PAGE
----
Temporal range: Turonian–Campanian
|S. freyi worker, holotype|
Wilson & Brown, 1967
Sphecomyrma is an extinct genus of ant which inhabited the northern hemisphere of the supercontinent Laurasia approximately 80 mya in the Cretaceous. It is one of the earliest known species of ant.
In 1966 a specimen of Sphecomyrma freyi was found embedded in amber which had been exposed in the cliffs of Cliffwood, New Jersey by Mr. Edmund Frey and his wife. In 1967 Edward Wilson, Frank Carpenter and William L. Brown, Jr. published a paper describing and naming Sphecomyrma freyi. They described an ant with a mosaic of features, a mix of characteristics from modern ants and aculeate wasps. It possessed a metapleural gland, a feature unique to ants, it was wingless and possessed a petiole which was ant-like in form. The mandible was short and wasp-like with only two teeth, the gaster constricted and the middle and hind legs had double tibial spurs, wasp-like features. The antennae were, in form, midway between the wasps and ants, having a short first segment but a long flexible funiculus.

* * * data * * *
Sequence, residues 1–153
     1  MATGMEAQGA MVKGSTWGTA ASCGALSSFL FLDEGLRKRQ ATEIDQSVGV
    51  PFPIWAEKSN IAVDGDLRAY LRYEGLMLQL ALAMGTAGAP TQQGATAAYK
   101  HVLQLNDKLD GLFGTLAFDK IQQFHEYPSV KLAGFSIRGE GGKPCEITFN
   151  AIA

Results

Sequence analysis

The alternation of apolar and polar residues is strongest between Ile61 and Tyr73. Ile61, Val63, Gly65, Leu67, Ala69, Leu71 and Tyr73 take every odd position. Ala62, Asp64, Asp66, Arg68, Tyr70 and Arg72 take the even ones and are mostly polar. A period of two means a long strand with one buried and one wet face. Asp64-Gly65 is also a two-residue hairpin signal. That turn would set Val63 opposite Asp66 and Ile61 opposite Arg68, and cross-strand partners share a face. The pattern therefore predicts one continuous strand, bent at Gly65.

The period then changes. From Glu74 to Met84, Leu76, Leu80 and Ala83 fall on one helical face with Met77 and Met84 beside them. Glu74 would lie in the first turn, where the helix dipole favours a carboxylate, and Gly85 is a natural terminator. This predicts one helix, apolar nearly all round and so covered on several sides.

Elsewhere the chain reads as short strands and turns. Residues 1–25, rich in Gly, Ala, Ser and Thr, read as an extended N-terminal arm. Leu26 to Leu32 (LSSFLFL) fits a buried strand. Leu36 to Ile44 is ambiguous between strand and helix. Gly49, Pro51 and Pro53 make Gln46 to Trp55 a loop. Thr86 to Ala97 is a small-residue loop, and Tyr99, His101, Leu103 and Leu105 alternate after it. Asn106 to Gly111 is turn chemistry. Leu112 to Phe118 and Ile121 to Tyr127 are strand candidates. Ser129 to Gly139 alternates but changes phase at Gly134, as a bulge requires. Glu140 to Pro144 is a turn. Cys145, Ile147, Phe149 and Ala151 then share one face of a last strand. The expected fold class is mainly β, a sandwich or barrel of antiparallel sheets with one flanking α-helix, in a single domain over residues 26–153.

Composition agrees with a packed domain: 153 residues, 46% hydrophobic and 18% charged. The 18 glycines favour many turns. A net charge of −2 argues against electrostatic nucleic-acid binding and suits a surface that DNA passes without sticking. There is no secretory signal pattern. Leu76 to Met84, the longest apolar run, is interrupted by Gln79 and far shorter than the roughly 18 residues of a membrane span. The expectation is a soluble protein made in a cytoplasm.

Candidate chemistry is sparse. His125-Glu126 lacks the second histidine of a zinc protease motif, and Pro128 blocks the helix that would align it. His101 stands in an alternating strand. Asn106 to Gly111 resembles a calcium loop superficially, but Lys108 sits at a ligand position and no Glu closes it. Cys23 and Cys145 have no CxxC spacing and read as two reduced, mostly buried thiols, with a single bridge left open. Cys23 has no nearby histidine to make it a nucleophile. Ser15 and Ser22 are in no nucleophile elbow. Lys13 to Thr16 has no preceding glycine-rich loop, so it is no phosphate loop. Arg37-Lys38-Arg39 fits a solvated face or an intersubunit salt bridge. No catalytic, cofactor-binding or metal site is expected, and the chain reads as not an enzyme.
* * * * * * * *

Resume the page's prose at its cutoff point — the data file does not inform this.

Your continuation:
- Sphecomyrma canadensis Wilson, 1985
- Sphecomyrma freyi Wilson & Brown, 1967
- Sphecomyrma mesaki Engel & Grimaldi, 2005